Ravensbourne student Pablo Herrera has generated a lot of interest in his new short film Straight Jacket (We Can’t Stop) and has attracted attention across the industry.
Set to the music of Miley Cyrus’s “We Can’t Stop” it is a challenging film that questions why so many young gay men are struggling with major issues at a time when there is full equality under the law and the gay community in the UK is celebrating the 50th anniversary of the decriminalisation of homosexuality in England and Wales.
After viewing it recently the best selling author and leading media commentator Matthew Todd tweeted that Herrera has an ‘exciting and bright future’ having made ‘a provocative and moving film’.
The 20-year-old was born in Madrid to Ecuadorian parents, moved to London with his mum when he was 16 and is being spoken about as an emerging young talent from within London’s Latin community.
With no budget available Pablo wrote and directed the five-minute film before editing it on his laptop and it was shown at Ravensbourne’s recent Degree Show and is now available to view on YouTube.
“London was an amazing city to move to in my teens as it has such an exciting and vibrant Latin community and also offers the opportunity for so many different cultural experiences. I love going to theatre and film festivals or dancing at clubs like Exilio and Walkabout but I have also become far more aware of the huge pressures that a place like this can put young people under.
The inspiration behind the film for my end of year project came when I read a book called ‘Straight Jacket’ by Matthew Todd, the former editor of Attitude. It had a massive influence on me. The book exposes the major self-destructive issues that affect many gay teenagers and provides analysis and information through stories that I could relate to.
I wanted to make a short film set to “We Can’t Stop” in an attempt to raise awareness about the way bullying, depression, suicide, bulimia, homelessness, drug abuse and Chemsex are very real problems for some young gay men.
They can lack the information or role models to help steer them through a period in their lives when they are often facing emotional turmoil and are vulnerable to be exploited, especially when Grindr, Tinder and all the other GPS linked dating apps make it easier and quicker than ever before to meet people.
I’ve had to deal with some of those issues myself and it can be very frightening, especially when you are 14 or 15 and have no idea where to find advice and support. I think we are encouraged to wear a mask. To pretend that, of course, everything is ok, but inside we are not. That is what I wanted to draw attention to although I hadn’t expected to also end up being the main performer.
I was planning to show a group of seven or eight gay friends who were happy and having a party in a place where they all felt safe and comfortable together and to then change the mood by introducing the various issues.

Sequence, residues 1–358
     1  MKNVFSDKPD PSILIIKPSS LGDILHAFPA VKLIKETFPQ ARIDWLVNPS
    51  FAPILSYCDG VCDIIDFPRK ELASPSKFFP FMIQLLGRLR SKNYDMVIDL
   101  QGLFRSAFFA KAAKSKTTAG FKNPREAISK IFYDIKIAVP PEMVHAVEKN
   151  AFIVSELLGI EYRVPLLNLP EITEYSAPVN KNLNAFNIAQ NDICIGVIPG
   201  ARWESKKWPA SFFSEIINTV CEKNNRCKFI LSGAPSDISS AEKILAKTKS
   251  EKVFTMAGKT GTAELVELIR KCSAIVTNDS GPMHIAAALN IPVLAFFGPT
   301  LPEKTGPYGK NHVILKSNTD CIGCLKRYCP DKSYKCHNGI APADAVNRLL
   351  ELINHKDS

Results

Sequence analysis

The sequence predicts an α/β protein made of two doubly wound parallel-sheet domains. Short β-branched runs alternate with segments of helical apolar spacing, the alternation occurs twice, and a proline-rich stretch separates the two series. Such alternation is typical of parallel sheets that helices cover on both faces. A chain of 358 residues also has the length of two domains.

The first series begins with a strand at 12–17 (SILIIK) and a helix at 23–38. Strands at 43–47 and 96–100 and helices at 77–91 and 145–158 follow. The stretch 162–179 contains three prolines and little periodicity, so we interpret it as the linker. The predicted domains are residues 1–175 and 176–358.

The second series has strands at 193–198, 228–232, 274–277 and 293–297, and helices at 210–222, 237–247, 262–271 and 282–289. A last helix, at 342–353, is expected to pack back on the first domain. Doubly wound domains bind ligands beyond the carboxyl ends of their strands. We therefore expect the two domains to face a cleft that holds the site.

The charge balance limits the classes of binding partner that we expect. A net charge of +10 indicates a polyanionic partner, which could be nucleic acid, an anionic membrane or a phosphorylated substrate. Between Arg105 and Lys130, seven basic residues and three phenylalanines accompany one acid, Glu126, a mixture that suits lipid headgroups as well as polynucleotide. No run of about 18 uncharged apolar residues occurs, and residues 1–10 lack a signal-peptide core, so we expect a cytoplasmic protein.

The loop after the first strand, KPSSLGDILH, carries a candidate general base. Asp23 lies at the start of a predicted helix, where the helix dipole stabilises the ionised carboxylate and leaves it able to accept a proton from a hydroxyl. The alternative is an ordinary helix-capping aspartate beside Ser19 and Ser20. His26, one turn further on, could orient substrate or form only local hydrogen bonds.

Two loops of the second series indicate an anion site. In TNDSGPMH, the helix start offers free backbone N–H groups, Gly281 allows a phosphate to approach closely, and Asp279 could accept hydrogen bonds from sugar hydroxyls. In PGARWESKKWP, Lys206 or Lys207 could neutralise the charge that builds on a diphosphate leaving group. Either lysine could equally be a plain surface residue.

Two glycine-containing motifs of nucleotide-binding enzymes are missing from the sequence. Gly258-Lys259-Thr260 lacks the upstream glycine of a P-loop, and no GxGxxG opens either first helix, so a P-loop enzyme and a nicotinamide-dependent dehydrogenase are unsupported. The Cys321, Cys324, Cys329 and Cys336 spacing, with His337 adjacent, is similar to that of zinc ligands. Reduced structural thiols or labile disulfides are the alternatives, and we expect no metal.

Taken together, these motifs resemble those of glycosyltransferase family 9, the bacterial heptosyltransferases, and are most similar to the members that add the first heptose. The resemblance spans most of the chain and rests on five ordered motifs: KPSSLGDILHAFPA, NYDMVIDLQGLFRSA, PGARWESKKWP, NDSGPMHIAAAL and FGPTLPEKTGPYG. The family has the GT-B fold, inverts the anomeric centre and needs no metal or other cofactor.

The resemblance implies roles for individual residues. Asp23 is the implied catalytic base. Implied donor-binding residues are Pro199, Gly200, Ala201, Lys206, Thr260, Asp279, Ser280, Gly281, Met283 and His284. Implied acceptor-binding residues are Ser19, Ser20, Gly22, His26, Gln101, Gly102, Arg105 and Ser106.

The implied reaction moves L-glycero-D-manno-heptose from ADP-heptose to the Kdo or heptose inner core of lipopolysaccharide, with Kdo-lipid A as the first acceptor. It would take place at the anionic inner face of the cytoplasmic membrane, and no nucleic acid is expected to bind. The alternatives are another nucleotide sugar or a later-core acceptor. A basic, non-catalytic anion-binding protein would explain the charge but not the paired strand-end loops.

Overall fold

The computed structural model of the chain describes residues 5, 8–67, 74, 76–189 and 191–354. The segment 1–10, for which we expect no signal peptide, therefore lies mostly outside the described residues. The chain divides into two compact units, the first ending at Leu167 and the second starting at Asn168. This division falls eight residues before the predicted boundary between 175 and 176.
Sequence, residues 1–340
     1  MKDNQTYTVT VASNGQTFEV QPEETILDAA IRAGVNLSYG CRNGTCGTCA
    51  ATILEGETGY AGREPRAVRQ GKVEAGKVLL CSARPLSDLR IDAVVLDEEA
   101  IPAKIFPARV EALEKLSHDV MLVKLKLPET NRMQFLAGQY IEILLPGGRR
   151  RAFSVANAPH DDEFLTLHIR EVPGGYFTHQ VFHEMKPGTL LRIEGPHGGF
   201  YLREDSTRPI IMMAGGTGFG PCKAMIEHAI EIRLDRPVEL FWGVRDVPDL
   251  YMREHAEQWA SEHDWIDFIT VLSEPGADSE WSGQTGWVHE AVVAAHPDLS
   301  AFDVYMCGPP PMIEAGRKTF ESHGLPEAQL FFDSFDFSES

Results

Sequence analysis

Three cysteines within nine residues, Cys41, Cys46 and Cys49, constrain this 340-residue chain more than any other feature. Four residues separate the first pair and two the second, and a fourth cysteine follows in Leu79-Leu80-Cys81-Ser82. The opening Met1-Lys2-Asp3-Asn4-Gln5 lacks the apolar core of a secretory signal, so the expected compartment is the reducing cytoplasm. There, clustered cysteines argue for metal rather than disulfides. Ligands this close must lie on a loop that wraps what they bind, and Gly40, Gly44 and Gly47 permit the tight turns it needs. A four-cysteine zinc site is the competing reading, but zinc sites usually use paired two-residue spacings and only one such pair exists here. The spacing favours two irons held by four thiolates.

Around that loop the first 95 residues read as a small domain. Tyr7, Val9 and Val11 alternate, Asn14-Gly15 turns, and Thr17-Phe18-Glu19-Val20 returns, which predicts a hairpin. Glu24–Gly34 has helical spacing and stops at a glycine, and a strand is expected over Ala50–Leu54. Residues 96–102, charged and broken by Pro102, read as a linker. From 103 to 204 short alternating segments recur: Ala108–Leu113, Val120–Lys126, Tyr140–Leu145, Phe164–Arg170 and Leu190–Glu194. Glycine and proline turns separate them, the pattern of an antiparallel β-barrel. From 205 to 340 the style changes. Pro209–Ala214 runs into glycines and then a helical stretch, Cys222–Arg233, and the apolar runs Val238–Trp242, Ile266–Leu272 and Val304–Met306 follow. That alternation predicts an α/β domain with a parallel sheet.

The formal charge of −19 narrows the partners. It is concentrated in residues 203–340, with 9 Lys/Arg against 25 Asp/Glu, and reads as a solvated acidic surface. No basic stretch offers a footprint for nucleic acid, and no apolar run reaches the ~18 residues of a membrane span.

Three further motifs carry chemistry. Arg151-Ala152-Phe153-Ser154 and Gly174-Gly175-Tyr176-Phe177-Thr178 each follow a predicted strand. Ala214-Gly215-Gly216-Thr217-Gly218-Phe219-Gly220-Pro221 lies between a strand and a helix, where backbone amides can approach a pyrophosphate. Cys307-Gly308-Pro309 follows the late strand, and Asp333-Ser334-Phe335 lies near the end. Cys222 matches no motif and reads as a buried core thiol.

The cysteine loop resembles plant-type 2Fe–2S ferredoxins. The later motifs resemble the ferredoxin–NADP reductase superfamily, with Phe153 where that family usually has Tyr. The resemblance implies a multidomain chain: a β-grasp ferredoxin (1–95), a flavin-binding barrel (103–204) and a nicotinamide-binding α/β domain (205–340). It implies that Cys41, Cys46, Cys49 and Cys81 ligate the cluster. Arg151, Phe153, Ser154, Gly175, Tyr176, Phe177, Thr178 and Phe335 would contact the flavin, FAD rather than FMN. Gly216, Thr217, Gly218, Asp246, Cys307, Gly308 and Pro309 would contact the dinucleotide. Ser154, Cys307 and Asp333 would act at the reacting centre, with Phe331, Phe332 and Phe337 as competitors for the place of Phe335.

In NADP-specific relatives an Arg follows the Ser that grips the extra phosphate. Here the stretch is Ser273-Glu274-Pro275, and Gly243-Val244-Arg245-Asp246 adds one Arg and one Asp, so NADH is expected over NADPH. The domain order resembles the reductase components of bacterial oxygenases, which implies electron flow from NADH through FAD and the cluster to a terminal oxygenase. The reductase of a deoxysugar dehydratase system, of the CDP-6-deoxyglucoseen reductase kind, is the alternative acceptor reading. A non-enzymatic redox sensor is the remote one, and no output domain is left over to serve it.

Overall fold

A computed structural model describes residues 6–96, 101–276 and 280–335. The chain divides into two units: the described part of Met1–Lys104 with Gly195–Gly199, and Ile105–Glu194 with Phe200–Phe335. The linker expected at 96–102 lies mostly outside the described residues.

Through someone, I knew I arranged for a group of actors to help me and explained what I was trying to achieve. Then, just a few days before we began filming, the guy who was providing them started sending me messages insisting that I go and have sex with him and implying that I owed him as he had helped me out.
I was shocked and had no option but to cancel them and step into one of the roles myself. He just didn’t get the irony of the situation or the fact that his behaviour was an example of the very problem I wanted to draw attention to!
But I’ve been very happy with the reaction and the kind comments so far and am really pleased to have had messages from other young men saying they can empathise with it because I also like films I can relate to or that teach me something.
Life is Beautiful, for example, helped me to understand that in life you experience a lot of pain and chaos but it is your choice about how you behave and react and to ensure that something good and positive can come out of it.
A few months ago I saw Tangerine, a very raw and unusual comedy-drama about the life of a transsexual sex-worker in Hollywood. It was filmed on three iPhone 5 smart phones and proves that anyone now has the opportunity to make their own film and without needing a massive budget.
I wasn’t a big fan of Pedro Almodovar when I was younger but I recently saw Volver and loved the way he created strong female working class characters who survived tough lives in their small town. Those women are seen as independent and determined and that inspired me and made me think of my Mum as she is very strong and was incredibly mature at a young age.
She was just 16 when she became pregnant and her family threw her out of their home in Ecuador, leaving her to sleep in a park. She reacted by booking a flight to Spain where she had me and created a completely new life for herself so I feel a bond with Almodovar’s representation of characters like her.
Although passionate about film I had never thought of it as a career option until I took Media Studies at GCSE and won a prize for a charity video I filmed and edited. I realised this was what I wanted to do so I applied for the access course at Ravensbourne and have now been accepted onto their degree course.
I see film also as a form of therapy for me to express my feelings, frustrations and fears as well as my happiness and ideas and whilst I know I am young and have so much to learn I am currently planning my first feature and am looking forward to meeting and working with many interesting and creative people at university.
To be a filmmaker and storyteller is my dream and my ambition is simply to make more and make them better and to hope that people can connect with my films and be inspired by them, as I have by so many others.”
Straight Jacket (We Can’t Stop) by Pablo Herrera can be seen on YouTube